• Many of the Democrats running for president, meanwhile, continue to advocate for a “Medicare for All” program run by the government, although many are hedging their bets by supporting other, less sweeping proposals to expand coverage, as well.

To hear all our podcasts, click here.

And subscribe to What the Health? on iTunesStitcherGoogle PlaySpotify, or Pocket Casts.

Non-English Speakers Face Health Setback If Trump Loosens Language Rules

A federal regulation demands that certain health care organizations provide patients who have limited English skills a written notice of free translation services.

But the Trump administration wants to ease those regulations and also no longer require that directions be given to patients on how they can report discrimination they experience.

The changes could save $3.16 billion over five years for the health care industry, according to the administration.

These changes are part of a broader proposed regulation that would roll back protections banning discrimination based on gender identity. The public comment period closes Aug. 13.

The proposal would not change the government’s requirements that insurers and medical facilities provide foreign language translators and interpreters for non-English speakers.

The government acknowledged in the proposal that the change would lead to fewer people with limited English skills accessing health care and fewer reports of discrimination. But it also questioned the need for these notices, pointing out that in some areas health organizations spend money to accommodate a small contingent of language speakers. For example, notices in Wyoming must account for the 40 Gujarati speakers — a language of India — in the state.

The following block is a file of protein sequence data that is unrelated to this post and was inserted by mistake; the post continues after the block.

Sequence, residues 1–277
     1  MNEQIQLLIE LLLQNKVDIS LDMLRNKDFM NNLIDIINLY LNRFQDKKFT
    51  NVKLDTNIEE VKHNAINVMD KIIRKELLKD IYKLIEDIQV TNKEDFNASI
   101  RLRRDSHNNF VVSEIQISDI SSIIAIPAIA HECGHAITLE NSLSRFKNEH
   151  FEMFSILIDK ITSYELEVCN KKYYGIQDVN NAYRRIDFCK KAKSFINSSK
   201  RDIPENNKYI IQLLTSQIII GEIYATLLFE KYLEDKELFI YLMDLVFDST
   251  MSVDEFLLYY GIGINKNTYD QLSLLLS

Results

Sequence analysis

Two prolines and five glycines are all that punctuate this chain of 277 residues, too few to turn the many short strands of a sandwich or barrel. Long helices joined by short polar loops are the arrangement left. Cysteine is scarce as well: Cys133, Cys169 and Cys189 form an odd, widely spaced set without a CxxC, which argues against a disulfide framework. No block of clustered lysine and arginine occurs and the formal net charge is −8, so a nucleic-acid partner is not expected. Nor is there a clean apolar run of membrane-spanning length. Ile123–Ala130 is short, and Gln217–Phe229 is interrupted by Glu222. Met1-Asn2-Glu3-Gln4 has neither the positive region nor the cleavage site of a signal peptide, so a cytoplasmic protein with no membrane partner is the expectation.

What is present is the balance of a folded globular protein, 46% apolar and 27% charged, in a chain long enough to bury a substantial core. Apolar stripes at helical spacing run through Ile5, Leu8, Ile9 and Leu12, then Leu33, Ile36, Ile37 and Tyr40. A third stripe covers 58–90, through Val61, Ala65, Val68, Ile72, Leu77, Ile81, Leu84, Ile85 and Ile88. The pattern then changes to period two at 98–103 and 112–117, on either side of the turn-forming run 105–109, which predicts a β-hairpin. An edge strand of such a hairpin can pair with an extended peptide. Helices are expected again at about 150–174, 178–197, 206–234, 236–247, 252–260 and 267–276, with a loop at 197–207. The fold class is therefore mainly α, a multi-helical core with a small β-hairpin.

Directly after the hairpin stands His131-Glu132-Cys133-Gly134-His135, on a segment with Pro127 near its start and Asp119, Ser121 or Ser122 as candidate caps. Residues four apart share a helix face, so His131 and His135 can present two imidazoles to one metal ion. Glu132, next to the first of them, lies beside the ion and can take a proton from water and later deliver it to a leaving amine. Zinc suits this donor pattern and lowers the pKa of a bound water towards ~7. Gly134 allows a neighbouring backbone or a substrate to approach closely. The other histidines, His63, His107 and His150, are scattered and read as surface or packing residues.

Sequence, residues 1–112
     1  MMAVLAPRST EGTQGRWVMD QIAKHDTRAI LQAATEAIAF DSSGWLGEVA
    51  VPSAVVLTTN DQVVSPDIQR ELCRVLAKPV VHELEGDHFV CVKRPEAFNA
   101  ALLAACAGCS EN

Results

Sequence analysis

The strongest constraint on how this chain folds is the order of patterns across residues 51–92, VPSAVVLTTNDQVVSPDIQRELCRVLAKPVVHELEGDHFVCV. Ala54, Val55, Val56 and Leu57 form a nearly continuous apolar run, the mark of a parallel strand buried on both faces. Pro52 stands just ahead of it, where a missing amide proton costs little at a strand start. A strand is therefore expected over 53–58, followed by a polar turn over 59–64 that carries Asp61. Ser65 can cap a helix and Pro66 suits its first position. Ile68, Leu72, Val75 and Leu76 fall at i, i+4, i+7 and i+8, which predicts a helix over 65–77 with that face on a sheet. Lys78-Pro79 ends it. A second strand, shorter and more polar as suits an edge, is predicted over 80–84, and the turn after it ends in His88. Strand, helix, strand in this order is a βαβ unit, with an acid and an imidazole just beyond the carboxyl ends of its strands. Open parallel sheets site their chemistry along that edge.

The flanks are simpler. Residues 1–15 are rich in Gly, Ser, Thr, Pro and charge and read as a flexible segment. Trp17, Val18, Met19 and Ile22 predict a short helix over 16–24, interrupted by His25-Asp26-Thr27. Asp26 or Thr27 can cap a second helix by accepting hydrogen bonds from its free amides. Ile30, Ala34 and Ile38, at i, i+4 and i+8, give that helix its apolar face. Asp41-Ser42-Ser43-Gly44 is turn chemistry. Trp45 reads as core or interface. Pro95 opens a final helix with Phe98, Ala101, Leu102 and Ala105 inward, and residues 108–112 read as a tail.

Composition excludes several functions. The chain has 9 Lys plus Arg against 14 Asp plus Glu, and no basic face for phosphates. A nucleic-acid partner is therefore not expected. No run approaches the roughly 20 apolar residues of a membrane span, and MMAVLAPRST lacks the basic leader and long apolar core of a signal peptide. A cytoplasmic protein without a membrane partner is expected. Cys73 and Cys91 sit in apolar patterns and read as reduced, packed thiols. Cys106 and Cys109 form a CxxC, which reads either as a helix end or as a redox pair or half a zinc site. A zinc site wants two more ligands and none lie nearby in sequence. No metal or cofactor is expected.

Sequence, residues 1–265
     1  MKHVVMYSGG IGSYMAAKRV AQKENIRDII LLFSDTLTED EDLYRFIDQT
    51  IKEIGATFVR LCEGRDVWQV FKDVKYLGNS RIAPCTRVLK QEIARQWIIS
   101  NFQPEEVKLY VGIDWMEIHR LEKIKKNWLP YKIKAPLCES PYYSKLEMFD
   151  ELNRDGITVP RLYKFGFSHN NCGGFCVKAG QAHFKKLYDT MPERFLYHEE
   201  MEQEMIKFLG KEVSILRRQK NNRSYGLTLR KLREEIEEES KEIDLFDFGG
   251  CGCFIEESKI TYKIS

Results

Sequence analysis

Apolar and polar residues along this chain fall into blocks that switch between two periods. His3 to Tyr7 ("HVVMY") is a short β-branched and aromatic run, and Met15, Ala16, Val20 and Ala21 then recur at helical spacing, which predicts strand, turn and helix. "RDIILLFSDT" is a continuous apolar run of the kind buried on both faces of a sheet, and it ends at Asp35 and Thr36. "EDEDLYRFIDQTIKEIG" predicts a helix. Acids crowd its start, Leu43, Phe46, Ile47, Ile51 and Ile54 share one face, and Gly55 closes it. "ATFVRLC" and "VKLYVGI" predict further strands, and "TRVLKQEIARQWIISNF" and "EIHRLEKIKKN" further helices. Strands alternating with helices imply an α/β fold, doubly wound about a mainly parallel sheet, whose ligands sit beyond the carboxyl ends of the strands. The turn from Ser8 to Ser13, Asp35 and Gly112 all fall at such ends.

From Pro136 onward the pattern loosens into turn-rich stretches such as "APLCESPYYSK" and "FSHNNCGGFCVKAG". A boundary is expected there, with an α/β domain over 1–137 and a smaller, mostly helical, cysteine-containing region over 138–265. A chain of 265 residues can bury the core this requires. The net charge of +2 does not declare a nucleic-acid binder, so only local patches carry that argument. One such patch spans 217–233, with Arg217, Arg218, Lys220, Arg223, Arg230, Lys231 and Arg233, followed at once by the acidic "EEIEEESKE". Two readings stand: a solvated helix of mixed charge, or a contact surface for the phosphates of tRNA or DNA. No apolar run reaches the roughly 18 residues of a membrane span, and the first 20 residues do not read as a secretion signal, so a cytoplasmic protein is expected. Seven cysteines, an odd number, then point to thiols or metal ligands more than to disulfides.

In all, the government said, the impact of doing away with these requirements would be “negligible.”

Others disagree.

“I haven’t seen any reason to believe that this will only have a negligible impact,” said Mara Youdelman, managing attorney for the Washington, D.C., office of the National Health Law Program, a civil rights advocacy group. She said it “will likely result in people just not knowing their rights but not accessing care to which they’re eligible.”

Regulations under Section 1557 of the Affordable Care Act require insurers, hospitals and others to include a “tagline” of free translation services for the 15 languages that are most prevalent in a state. Additionally, it requires a nondiscrimination clause and directions on how to file a complaint with the Department of Health and Human Services Office for Civil Rights.

This information must be posted on websites, in physical spaces and in “significant communications” to the patient. But the ambiguity of that phrase prompted health care organizations to post the required information on numerous pieces of material — such as a separate page about language options sent with each Explanation of Benefits statement from an insurer. Together, these efforts cost organizations billions of dollars.

“No one realized exactly what that definition of ‘significant communication’ — how much would be wrapped up in that,” said Katie Keith, a Georgetown University professor who specializes in the ACA.